Banks rush to borrow record EUR 1.3 billion at negative rates from ECB
Banks rushed to borrow a record € 1.3 trillion from the European Central Bank at deeply negative interest rates as part of the latest monetary policy campaign to increase liquidity in the economy of the euro zone hit by the pandemic.
This is the first time that a large central bank has offered banks multi-year loans at an interest rate lower than its main deposit rate, introducing a so-called dual rate system.
The ECB said on Thursday that the banks had asked to borrow 1.31 trillion euros as part of its main refinancing program, which will lend them money over three years at ultra-cheap rates as low as less. 1%, provided they meet certain loan thresholds.
Since the ECB’s main deposit rate is minus 0.5%, the ultra-cheap loan is actually a subsidy to the banking system and provides further evidence of how the ECB is doing everything to trying to prevent the pandemic from causing a credit crunch.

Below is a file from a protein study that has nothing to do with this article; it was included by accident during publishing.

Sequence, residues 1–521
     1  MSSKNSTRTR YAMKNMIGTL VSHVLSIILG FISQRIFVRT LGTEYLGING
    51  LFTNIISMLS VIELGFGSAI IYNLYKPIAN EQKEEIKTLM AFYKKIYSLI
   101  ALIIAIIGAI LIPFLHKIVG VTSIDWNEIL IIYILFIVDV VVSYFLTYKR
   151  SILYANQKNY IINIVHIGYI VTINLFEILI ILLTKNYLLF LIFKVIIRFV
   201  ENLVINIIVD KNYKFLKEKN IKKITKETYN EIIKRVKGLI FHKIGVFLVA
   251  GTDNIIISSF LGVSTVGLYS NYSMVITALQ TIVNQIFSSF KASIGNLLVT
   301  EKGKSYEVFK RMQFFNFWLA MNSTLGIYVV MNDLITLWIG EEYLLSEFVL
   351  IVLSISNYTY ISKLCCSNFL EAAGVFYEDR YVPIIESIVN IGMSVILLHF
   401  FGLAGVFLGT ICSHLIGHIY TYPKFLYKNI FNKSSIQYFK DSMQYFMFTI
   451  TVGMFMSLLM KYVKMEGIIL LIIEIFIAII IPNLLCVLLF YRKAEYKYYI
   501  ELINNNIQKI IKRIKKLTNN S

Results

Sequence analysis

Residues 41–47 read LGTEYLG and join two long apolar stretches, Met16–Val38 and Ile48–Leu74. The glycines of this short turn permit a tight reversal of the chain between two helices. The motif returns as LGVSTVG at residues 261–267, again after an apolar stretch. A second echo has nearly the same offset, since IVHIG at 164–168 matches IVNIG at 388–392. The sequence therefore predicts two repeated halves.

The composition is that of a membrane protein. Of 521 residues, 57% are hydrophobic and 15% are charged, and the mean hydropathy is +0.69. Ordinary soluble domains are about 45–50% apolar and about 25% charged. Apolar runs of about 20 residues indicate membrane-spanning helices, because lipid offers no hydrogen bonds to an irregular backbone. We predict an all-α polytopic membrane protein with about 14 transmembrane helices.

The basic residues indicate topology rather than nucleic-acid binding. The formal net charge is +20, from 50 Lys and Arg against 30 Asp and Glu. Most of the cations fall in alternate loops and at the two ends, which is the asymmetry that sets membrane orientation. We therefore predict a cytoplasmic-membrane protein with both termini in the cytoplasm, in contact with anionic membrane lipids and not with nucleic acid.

Banks are expected to use around 765 billion euros of ultra-cheap loans to repay past ECB loans that are about to fall due. But they are expected to use a large chunk of the remaining € 543 billion to buy bonds issued by their own governments, earning them an instant profit on the “carry trade” between the negative ECB rate and the higher yield on the banks. government bonds.
“Loop of fate”
While this will support the € 1 trillion to € 1.5 trillion in additional debt that is expected to be issued by euro area governments to fund their pandemic responses this year, analysts say it will add to the “Catastrophic loop” linking the fate of banks more closely to that of their national governments.
“The increase in banks’ sovereign exposure has generally been viewed as negative in recent years,” Jefferies banking analysts said in a note. “However, the policy stance is changing and with public debt levels expected to rise, it may make sense for banks to channel excess liquidity in that direction.”
– Copyright The Financial Times Limited 2020